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Thursday, Jul 27, 2017
Editorials

Keep Nelson in U.S. Senate

The case for replacing U.S. Sen. Bill Nelson with U.S. Rep. Connie Mack IV comes down to one distinction. Republican Mack is more conservative than Democrat Nelson. Mack's campaign is based on a promise to cut spending and a warning that Nelson won't. We have long supported reducing the deficit, and so has Nelson. Mack oversimplifies the challenge of spending less in a slow economy with increasing numbers of citizens entering Social Security and Medicare. Nelson is a thoughtful, experienced senator whose moderate inclinations are often hard to see amid the extreme partisanship that has gripped Washington in recent years. He is the better choice for Florida. Our view would be different if there was a strong conservative alternative, someone like Jeb Bush who approaches issues with intellectual honesty, not slogans.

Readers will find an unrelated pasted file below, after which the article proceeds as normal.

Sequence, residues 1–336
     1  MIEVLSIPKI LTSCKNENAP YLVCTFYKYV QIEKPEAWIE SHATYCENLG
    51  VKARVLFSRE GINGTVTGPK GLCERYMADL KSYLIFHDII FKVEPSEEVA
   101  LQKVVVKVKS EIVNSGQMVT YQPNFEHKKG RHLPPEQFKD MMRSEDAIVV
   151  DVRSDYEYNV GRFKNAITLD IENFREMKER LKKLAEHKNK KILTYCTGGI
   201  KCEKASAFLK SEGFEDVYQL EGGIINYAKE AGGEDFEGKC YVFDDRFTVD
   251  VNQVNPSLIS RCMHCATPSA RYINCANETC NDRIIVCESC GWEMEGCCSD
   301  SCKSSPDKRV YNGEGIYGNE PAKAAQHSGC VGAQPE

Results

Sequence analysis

Mack, 45, has been boosted by his name, but he lacks the qualities of statesmanship so apparent in his father, Connie Mack III, the well-respected former U.S. senator. And unlike Florida's articulate Republican Sen. Marco Rubio, Mack does not go deep into issues to win new support for his positions. Mack, a former marketing executive, has served in Congress since 2005 and previously was a member of the Florida House. His legislative accomplishments are modest. Nelson, 70, is one of the few Democrats left in national office who is trying to pull the party back toward the center and is the only Democrat holding statewide office in Florida. A lawyer, he was elected to the state Legislature in 1972, served three terms, then went to Congress in 1978, representing the Space Coast and advocating for NASA. In 1994 he was elected state insurance commissioner, and from that office he effectively represented consumer interests. As a Cabinet member he strongly defended the state's environment. He was elected to the U.S. Senate in 2000. He has been accessible and listens to a broad range of constituents, including business leaders. Mack was an opponent of federal bailouts, but Nelson urges voters to remember what was happening four years ago: "There were massive job layoffs. We were going into a financial death spiral." And, he says, "Remember that 40 percent of Obama's stimulus was tax cuts." We don't always agree with Nelson. He was wrong, we think, to join other Democrats in supporting the health care act. But Nelson defends Obamacare better than President Obama himself. "What do you not like?" Nelson asks, then ticks off the features of the plan he is proud of: You can get coverage for pre-existing conditions. It keeps more people out of the emergency rooms. It prevents insurance companies from overcharging. On any issue, given the chance, Nelson will go beyond partisan platitudes and wrestle with the core issues of disagreement. Too few leaders these days are willing to do that. Nelson is a leading defender of the country's largest testing and training area for the military, the extensive tract of restricted airspace in the Gulf of Mexico, which could be threatened by the expansion of oil drilling. Access to that area will give military bases in Florida a competitive advantage should more bases be selected for closure. Nelson is in favor of tax reform to simplify the code. He has fought identity fraud, especially the filing of bogus returns that has bedeviled so many honest taxpayers in Tampa. And we like his idea to give taxpayers a receipt so they can see exactly how much of their tax money supports various government agencies. Mack's emphasis is on cutting, and last year he had an interesting idea. He proposed a "one cent solution" to cut total federal spending by 1 percent a year for six straight years. It seemed to us an understandable starting point for getting spending under control. But exactly how it would work remains mysterious. Would any programs be exempt? Both candidates agree that the uncertainty of how the country will deal with the budget is hurting the economy. Mack says he believes in a "simple litmus test" to qualify for the Senate — a refusal to raise taxes. Nelson prides himself on not being ideologically rigid and with listening to all sides. "If Congress gets on the road to a solution, the economy will take off like a rocket," Nelson tells us. We believe he's right. Nelson is well positioned in a divided Senate to help find a workable compromise. We know if he is re-elected, there will be times we will disagree with his votes. But we also know we can trust him to listen to all Floridians and work hard on their behalf. For the U.S. Senate, the Tribune endorses Bill Nelson.
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